2. Working with Zika Virus in the Laboratory
      1. General laboratory procedures.  Zika virus preparations may be handled under Biosafety Level 2 precautions, as described in the BMBL5. Laboratories should perform a risk assessment to determine if there are certain procedures or specimens that may require higher levels of biocontainment (e.g., use of a biosafety cabinet for potential aerosol generating activities or suspicion that the specimen may contain a pathogen that requires BSL3 precautions).  Experiments involving recombinant or synthetic Zika virus nucleic acids should be done in accordance with the NIH Guidelines for Research Involving Recombinant or Synthetic Nucleic Acid Molecules.
      2. Studies involving vertebrate animals.  Animal studies involving Zika virus may be performed under Animal Biosafety Level 2 precautions, as described in the CDC/NIH BMBL5. A risk assessment should be performed to determine if there are certain procedures that may require higher levels of biocontainment such as those that could potentially create aerosols.
      3. Studies involving infected arthropods.  In areas where the Zika virus has not been established in the mosquito population, in order to reduce the risk of environmental establishment, Arthropod Containment Level 3 (ACL-3) should be used for all work with live, infected arthropods. In areas where the Zika virus is established in the resident mosquito population, it is recommended that ACL-2 be used for all work with live, infected arthropods. Information on Arthropod Containment levels from the American Committee for Medical Entomology.
    3. Occupational Health Issues related to Work with Zika Virus
      1. Association with congenital anomalies. Until the association between Zika virus infection and congenital anomalies, including microcephaly, is better understood, pregnancy should be considered a significant factor in risk assessment for individuals working with Zika virus, and the involvement of pregnant workers in studies with Zika virus should be minimized.  Workers with partners who are pregnant or are considering pregnancy should be aware of the risk associated with sexual transmission of Zika virus. Information related to Zika virus transmission.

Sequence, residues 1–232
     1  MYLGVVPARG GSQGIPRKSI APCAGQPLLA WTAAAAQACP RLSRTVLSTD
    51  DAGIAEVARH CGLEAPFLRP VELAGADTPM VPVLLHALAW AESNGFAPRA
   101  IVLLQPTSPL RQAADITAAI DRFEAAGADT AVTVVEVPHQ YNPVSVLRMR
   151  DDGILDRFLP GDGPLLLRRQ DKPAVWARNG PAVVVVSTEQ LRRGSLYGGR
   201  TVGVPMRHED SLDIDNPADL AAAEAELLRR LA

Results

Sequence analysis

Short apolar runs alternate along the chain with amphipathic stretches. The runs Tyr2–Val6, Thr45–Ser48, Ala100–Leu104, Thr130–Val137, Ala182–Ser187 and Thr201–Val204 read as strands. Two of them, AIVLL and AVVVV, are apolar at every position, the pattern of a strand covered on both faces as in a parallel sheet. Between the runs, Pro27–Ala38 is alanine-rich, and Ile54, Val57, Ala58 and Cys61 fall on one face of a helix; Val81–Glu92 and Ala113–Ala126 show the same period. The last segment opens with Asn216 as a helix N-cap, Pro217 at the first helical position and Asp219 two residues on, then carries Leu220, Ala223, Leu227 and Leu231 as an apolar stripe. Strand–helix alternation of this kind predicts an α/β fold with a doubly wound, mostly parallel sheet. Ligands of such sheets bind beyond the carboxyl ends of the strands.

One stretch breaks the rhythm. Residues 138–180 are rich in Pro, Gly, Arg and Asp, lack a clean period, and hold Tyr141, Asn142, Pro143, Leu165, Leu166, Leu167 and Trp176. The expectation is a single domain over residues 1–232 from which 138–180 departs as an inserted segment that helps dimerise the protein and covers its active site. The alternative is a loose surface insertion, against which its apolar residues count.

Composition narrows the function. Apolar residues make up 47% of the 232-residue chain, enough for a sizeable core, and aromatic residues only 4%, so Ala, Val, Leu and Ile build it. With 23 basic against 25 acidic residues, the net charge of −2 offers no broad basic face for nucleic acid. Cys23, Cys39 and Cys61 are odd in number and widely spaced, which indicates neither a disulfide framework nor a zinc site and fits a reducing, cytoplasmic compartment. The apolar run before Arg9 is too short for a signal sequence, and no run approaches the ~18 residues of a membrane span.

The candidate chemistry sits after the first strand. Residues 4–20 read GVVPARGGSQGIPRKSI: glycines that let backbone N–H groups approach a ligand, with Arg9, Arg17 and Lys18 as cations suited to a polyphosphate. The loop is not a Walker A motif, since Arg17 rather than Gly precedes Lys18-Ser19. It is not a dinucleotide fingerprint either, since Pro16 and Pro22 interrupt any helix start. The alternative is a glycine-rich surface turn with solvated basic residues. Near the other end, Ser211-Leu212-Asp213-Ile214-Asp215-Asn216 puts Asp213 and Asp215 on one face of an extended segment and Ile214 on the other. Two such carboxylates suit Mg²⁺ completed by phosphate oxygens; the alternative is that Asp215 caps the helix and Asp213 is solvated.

2. Association with Guillain-Barré syndrome. Guillain-Barré syndrome (GBS) is an uncommon illness involving the nervous system in which a person’s own immune system damages the nerve cells, causing muscle weakness, and sometimes, paralysis. The Brazil Ministry of Health has reported an increased number of people who have been infected with Zika virus who also have GBS. CDC is working with Brazil to study the possibility of a link between Zika virus and GBS. More information on Zika virus and GBS.
  2. References
    1. CDC Zika Virus Homepage. March 7, 2016.
    2. CDC/NIH Biosafety in Microbiological and Biomedical Laboratories, 5th edition.
    3. CDC Import Permit Program
    4. Organisms and Vectors Program, Animal and Plant Health Inspection Service, USDA.
    5. Standard Precautions Standard, Healthcare Infection Control Practices Advisory Committee
    6. NIH Guidelines for Research Involving Recombinant or Synthetic Nucleic Acid Molecules
    7. Arthropod Containment Standard, American Committee for Medical Entomology.
    8. Information about Zika Virus for Pregnant Women.
    9. Facts about Microcephaly.
    10. Guillain-Barré syndrome Q & A
    11. Revised diagnostic testing for Zika, chikungunya, and dengue viruses in US Public Health laboratories [PDF - 6 pages]
    12. Interim Guidance for Protecting Workers from Occupational Exposure to Zika Virus [PDF - 7 pages]